Another thing I loved about this book was Randa Jarrar’s matter-of-fact writing style. It is so refreshing to read a voice that is so unapologetic in the face of so many people that want her to hate herself, as well as tumultuous world events. Reading this book inspired me to start having more of that self-acceptance in my own life. While the things she did are not always likable, she does make the reader understand her thinking. This attitude makes the writing engaging throughout. At the same time, the unflinching look at Jarrar’s life events makes the parts of the book where they describe being abused and mistreated harrowing. I do not think this is a negative, I think this actually is a strength of the memoir. However, it could be a lot for some readers to handle.

Readers should know before they pick up this book that this memoir describes instances of racism, prejudice against Arabs, misogyny, violence, fatphobia, abuse from a parent and significant other (including child sexual abuse and domestic violence), forced dieting, and eating disorder behavior. It also includes graphic descriptions of sex and BDSM and instances of interactions with the police.

Overall, this book is a great examination of one woman’s experience of the world, made up of small, seemingly disjointed narratives that piece together beautifully. If you can handle it, you might enjoy it.

Kayla Bell reviews Mistletoe by Lyn Gardner – The Lesbrary

Kayla Bell reviews Mistletoe by Lyn Gardner – The Lesbrary

Mistletoe by Lyn Gardner

After this dumpster fire of a year, I am very much looking forward to the holiday season. Christmas music, holiday movies, and baking are the distractions I need this year. So when I saw Mistletoe on sale on the iBooks store, I jumped at the chance to read what seemed like a sapphic Hallmark movie. The novella I read wasn’t entirely the wholesome love story I was expecting, but it was very festive and fun.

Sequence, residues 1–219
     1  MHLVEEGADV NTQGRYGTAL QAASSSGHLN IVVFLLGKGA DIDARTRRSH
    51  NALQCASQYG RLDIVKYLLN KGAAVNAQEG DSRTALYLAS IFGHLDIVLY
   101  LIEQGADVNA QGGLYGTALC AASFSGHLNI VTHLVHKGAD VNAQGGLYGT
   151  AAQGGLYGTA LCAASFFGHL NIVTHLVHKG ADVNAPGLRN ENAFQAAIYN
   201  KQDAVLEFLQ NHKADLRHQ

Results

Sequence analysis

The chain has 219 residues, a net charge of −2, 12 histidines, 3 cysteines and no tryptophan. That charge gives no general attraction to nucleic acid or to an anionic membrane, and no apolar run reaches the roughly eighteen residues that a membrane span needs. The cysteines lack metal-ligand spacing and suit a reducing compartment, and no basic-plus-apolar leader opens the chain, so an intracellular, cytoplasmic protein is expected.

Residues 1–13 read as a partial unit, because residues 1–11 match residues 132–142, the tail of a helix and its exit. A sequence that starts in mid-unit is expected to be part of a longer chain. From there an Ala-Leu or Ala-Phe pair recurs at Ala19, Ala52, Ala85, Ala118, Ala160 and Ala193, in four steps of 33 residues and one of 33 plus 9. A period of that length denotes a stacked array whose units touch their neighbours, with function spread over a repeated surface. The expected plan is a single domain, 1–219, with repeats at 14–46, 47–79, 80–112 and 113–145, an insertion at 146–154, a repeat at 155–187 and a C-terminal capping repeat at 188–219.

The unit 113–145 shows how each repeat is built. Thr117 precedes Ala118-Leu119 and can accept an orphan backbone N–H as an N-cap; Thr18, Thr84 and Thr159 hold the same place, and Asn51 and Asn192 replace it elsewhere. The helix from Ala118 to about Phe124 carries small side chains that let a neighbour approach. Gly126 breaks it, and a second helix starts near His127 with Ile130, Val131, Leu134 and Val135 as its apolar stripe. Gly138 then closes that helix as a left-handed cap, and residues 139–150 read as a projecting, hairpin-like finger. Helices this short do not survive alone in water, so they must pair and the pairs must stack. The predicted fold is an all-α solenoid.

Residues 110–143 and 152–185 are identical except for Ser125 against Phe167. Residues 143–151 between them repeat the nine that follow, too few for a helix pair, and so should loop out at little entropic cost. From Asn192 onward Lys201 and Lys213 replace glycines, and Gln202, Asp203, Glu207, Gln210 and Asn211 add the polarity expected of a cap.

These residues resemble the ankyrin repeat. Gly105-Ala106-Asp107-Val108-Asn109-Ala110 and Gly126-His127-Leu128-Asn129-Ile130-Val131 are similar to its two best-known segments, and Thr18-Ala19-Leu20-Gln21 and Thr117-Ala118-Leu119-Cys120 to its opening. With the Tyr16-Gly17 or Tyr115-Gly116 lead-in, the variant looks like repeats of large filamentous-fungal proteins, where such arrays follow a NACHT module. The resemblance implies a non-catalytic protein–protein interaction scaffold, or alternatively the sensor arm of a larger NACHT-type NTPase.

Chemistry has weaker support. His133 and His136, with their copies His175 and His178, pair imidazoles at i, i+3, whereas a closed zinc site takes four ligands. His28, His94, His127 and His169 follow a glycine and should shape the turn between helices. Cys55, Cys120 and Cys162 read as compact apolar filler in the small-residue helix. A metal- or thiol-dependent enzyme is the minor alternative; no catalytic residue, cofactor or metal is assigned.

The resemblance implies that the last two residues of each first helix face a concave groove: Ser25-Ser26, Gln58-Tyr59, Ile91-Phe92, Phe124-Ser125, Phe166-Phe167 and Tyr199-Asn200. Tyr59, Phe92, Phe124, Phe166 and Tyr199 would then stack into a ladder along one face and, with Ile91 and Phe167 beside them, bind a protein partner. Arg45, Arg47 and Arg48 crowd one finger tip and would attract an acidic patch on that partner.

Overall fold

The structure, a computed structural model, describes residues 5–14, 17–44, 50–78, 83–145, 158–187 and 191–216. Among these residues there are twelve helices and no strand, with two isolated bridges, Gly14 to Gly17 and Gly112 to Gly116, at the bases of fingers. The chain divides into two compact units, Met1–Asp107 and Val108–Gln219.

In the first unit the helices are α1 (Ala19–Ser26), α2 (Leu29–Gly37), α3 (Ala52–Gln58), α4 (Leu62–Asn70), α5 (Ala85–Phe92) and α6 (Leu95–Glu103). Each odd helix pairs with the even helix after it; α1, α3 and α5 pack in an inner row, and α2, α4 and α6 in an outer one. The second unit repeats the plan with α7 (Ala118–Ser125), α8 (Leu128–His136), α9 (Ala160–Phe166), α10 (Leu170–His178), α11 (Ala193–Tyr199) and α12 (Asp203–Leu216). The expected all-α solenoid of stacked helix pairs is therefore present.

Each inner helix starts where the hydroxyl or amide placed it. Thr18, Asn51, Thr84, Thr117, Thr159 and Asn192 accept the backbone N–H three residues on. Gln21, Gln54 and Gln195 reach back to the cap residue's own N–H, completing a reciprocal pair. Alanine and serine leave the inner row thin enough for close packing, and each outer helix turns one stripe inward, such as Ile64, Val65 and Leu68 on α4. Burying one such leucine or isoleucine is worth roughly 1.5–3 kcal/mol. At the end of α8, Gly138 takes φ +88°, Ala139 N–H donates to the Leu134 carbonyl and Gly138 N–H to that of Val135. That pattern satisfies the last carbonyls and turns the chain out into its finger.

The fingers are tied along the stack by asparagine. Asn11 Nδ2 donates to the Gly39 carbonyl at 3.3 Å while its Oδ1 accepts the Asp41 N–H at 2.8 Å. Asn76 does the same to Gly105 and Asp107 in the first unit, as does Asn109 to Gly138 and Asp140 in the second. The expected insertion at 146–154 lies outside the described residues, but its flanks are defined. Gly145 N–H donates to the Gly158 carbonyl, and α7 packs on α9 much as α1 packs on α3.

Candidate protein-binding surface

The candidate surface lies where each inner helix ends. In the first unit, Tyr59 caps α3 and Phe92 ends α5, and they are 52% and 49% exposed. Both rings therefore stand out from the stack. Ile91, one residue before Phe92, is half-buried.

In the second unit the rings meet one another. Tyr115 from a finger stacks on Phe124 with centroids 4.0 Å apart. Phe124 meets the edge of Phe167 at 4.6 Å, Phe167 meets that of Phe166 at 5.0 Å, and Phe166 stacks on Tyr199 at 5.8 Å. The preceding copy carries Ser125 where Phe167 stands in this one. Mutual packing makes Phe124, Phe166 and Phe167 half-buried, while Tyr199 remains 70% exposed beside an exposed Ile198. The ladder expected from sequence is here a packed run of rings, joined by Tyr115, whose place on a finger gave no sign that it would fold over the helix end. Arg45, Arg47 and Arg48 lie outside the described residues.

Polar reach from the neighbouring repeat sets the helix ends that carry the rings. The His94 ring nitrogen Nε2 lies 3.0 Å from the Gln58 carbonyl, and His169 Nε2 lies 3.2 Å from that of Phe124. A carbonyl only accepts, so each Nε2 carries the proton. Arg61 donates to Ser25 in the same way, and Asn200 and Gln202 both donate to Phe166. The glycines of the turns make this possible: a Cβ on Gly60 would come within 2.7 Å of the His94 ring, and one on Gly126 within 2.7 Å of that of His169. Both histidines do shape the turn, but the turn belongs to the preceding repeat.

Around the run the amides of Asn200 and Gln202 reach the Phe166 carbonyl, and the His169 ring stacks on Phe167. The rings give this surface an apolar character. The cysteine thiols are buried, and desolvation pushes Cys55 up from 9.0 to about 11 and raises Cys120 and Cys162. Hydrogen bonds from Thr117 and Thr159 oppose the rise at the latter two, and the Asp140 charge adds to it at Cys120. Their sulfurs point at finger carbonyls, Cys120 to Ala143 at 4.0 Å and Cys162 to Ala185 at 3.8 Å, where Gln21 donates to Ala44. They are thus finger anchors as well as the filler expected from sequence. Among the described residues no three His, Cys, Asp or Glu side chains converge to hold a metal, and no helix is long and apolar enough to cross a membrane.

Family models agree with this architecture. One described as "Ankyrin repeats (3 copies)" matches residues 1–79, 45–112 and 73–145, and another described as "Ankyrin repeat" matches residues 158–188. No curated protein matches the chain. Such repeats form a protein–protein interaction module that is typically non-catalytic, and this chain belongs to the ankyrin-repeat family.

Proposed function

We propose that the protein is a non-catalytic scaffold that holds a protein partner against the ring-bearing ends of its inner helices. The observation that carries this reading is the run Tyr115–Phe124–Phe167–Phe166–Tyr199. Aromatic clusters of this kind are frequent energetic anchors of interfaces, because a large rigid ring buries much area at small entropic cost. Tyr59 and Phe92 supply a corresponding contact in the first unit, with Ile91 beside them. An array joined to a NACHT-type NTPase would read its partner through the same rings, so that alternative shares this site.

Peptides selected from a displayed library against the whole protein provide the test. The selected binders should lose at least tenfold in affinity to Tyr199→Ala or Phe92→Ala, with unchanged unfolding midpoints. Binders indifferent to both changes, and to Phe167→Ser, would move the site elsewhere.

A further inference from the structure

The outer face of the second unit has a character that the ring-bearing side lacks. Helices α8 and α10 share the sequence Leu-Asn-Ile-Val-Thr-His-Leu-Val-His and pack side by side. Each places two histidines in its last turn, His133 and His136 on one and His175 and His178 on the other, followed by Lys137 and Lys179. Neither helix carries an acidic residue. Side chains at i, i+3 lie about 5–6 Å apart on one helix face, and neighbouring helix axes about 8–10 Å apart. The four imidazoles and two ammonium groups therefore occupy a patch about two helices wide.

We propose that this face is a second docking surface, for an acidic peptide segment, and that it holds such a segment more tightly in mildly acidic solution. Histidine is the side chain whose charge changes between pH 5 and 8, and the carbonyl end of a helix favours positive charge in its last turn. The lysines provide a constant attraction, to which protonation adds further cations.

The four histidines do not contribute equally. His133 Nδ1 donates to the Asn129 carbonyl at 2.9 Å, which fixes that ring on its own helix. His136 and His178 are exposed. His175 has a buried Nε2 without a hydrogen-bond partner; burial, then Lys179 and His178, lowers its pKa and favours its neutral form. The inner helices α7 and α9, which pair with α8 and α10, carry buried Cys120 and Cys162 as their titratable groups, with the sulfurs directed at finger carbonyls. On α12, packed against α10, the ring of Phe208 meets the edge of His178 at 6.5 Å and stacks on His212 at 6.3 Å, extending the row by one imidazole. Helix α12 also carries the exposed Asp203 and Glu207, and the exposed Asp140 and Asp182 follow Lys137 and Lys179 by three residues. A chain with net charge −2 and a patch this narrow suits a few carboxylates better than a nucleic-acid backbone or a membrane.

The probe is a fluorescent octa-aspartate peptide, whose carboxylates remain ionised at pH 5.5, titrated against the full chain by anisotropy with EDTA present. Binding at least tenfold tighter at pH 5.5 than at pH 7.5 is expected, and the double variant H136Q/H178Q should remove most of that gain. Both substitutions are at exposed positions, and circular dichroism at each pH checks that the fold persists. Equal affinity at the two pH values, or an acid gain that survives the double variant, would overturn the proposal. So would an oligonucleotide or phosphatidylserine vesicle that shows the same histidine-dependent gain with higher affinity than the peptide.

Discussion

This romantic comedy starts with Santa Claus. Yes, you heard that right, Santa is a real person and so are all his elves in this novella about two grown women. Calamity strikes when one of Santa’s elves realizes that, many years ago, he missed one child’s Christmas wish. It was from a little girl named Diana who recently lost her parents and wants to find her soulmate. Diana’s an adult now, and Santa isn’t about to let anyone’s wish go unanswered. Together with an elf named Percy, the two set out to set Diana up with her soulmate Jamie. Hijinks ensue as the two women meet and fall in love.

One thing I really enjoyed about this book was the characters. Remember that this is basically a Christmas movie in novella form, so neither of them were super fleshed out, and that’s okay. Both of the two love interests were very distinct from one another. Diana was sweet and kind, while Jamie was bolder. Their dynamic was very interesting and they complemented each other well. It kept me reading to see how each of them would react to different situations. I also love that they actually ended up together long term. It’s always cool to see that in a queer romance. Jamie and Diana’s friends, the side characters, were also interesting in and of themselves. My personal favorite was Diana’s Aunt Brenda, who took her in after her parents passed away. For me, the characters were the strongest part of the novella, although it is worth mentioning that they were not a very diverse ensemble.

The weirdest part of the story were the jarring shifts in tone that happened throughout. It starts with a scene of Santa and his elves, so I settled in for a fantastical, wholesome romance. That’s what it was, for the most part, until the elf gets sauced and Jamie and Diana start picturing each other sexually after their kiss. Then, it’s back to Hallmark territory until a really out of nowhere scene that’s just a graphic description of Jamie masturbating. Back to PG-rated once again until two back to back erotica scenes in the epilogue. I want to make it clear that I have no problem with erotic fiction, I just thought it felt really out of place in what is otherwise a very tame Christmas fantasy romance. With this shortcoming, I also thought that the pacing was pretty off, especially for a story so short. The book goes from being day-by-day to skipping weeks and even decades at a time. I did enjoy where everyone ended up, but wish there was a little more buildup to everything that happened.